• Vermilion Cliffs National Monument, also near the Grand Canyon

All were created by President Bill Clinton in 200-2001, and all were among those the GOP congressman are calling to eliminate.

The letter sent by the GOP group to the Interior secretary pointed to the prohibition on mining and geothermal energy production as well as ban on recreational shooting on the Ironwood monument. They also mentioned the potential need to re-route an electrical line when it reaches the end of its serviceable life.

The Ironwood monument has restricted the ability of ranchers, "whose herds have grazed the land for generations,' to fence areas and access the land, they said.

Although the Sonoran Desert monument sits astride Interstate 8 near Gila Bend, about 100 miles from the U.S.-Mexico border, the Republican congressmen cited its "proximity to our nation's southern border" as presenting "a unique challenge as it pertains to land management." The Border Patrol must deal with "bureaucratic red tape" in seeking permission from other agencies to operate on the monument, they said.

"This designation jeopardizes national security for the sake of legacy building," they wrote.

The Sonoran monument has also prevented recreational shooting and limited vehicle access for big-game hunters, they said.

In comments before the signing of Trump's order, Zinke said the order would not remove any monuments and would not weaken any environmental protections on any lands. But he said the Antiquities Act is due for a review, claiming that in recent years it has been too restrictive – placing public lands off-limits to grazing, fishing, mining and outdoor recreation.

“Somewhere along the way the act has become a tool of political advocacy rather than public interest,” Zinke said.

But if the administration tries to go beyond a mere review to rescinding some monument designations, as critics fear, it would be breaking new ground: While the president has the power to designate monuments, no president has ever taken one away, they said.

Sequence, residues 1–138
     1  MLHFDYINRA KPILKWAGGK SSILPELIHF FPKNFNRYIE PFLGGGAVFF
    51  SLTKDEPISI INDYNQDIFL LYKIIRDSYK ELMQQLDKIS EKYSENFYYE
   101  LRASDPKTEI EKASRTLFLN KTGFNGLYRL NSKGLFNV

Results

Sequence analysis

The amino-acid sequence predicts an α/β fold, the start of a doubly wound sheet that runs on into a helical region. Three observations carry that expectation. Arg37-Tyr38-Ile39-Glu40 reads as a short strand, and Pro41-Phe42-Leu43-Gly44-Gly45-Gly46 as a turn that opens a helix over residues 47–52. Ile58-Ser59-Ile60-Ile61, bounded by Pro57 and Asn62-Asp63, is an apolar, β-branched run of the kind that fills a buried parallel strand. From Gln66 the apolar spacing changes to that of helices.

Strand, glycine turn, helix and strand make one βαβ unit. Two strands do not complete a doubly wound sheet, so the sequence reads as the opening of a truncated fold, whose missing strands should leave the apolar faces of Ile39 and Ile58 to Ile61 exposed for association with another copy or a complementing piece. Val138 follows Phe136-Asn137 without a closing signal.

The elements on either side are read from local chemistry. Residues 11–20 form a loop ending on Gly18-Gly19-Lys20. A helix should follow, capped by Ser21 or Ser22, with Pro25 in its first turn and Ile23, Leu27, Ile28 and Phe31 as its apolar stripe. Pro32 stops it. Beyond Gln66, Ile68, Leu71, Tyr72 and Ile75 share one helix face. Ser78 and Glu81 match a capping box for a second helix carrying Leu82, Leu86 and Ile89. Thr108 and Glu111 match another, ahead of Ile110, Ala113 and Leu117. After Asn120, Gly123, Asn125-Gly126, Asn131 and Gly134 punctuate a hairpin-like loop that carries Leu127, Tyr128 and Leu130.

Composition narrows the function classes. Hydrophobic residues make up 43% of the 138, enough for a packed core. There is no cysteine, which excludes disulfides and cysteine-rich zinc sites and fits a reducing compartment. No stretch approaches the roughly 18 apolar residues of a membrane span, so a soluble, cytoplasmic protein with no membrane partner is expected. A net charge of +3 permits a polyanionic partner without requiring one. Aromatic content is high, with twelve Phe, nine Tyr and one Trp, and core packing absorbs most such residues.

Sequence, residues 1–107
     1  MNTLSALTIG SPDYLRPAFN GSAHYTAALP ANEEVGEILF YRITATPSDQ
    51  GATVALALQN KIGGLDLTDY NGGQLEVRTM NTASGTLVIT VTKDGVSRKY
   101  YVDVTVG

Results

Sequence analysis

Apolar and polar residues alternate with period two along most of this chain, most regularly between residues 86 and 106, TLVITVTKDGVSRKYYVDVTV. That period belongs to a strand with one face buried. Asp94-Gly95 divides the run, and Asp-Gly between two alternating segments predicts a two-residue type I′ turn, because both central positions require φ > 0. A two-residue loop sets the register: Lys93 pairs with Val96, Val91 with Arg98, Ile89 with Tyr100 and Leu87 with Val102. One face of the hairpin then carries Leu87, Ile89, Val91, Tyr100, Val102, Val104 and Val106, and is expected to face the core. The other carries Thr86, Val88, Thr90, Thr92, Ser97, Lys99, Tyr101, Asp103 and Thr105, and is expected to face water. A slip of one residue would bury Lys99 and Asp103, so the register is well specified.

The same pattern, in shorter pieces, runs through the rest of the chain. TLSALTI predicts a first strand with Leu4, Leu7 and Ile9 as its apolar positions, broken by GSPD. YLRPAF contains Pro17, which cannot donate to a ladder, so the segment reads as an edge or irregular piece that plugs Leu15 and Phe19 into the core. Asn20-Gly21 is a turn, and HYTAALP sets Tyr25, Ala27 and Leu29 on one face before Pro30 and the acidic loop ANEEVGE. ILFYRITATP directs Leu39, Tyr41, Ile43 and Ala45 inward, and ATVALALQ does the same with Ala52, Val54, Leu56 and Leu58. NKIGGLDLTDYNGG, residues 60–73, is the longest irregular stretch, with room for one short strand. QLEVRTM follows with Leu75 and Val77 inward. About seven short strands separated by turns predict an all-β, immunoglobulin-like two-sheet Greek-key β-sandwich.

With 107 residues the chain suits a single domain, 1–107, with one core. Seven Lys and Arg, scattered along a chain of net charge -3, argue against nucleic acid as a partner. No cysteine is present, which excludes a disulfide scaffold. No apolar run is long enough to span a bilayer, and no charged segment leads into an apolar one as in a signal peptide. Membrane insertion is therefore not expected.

“The president has no authority to rescind these designations,” said Kevin Dahl, the Arizona senior program manager for the National Parks Conservation Association. “I don’t know why they’re reviewing it. They can maybe do a couple of tweaks, but I think it’s a bunch of political hot air.”

Dahl said that rescinding the designation on any monument would have to go through Congress, and any attempts made by the president to unilaterally make the change would face a lengthy legal battle.

The Antiquities Act has been key in protecting areas like the Grand Canyon and other iconic lands in the country, Dahl said, adding that “to dismantle it is nothing short of a betrayal to the American people and the land and history we’ve spent generations protecting.”

Ironwood established partly to protect developers

As TucsonSentinel.com columnist Blake Morlock pointed out in May, the Ironwood monument was created as part of the Sonoran Desert Conservation Plan, which is Pima County's "effort to guide growth, protect the environment and provide developers with a simpler path to get their projects built."

Ironwood "is also part of a giant 'mitigation bank' for the Endangered Species Act," Morlock wrote. "Simply put, developers in critical habitat can build only if they preserve an amount of critical habitat up to three times the acreage that they blade. So the Ironwood's 72,000 acres of land got roped off, which in fact allows up to thousands of acres of development closer to town."

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Jul 4, 2017, 10:08 pm
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The Members of Congress signing the letter, including the three Arizona Members, apparently thought that the Sonoran Desert National Monument is located in SE Arizona on the Border.  Much of their comments emphasize the problems the Monument is creating for Border Security on the Border.  The Sonoran Desert National Monument is actually located West of Phoenix, which you would expect the Members of the Arizona delegation to know.  Much of their complaints about the Monument to Secretary Zinke have to do with Congressionally mandated management requirements which they either did not know about or just conveniently forgot.  Based on their ignorance about the location of the Monument and the history of its management they called for complete rescission of the Monument’s designation.

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BLM

The Ironwood Forest National Monument northwest of Tucson was created in 2000 in part to protect the cactus ferruginous pygmy owl. The birds were taken off the endangered species list in 2007.